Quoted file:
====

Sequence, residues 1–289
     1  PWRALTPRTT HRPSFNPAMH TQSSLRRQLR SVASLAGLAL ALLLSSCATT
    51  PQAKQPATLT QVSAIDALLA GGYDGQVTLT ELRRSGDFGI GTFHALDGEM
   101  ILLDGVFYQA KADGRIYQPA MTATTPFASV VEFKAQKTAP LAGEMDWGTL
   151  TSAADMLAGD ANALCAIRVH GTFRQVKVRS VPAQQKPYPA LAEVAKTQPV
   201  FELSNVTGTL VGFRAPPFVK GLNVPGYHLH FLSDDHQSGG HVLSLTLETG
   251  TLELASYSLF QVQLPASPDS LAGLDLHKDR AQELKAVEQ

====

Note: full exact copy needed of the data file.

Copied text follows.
Sequence, residues 1–289
     1  PWRALTPRTT HRPSFNPAMH TQSSLRRQLR SVASLAGLAL ALLLSSCATT
    51  PQAKQPATLT QVSAIDALLA GGYDGQVTLT ELRRSGDFGI GTFHALDGEM
   101  ILLDGVFYQA KADGRIYQPA MTATTPFASV VEFKAQKTAP LAGEMDWGTL
   151  TSAADMLAGD ANALCAIRVH GTFRQVKVRS VPAQQKPYPA LAEVAKTQPV
   201  FELSNVTGTL VGFRAPPFVK GLNVPGYHLH FLSDDHQSGG HVLSLTLETG
   251  TLELASYSLF QVQLPASPDS LAGLDLHKDR AQELKAVEQ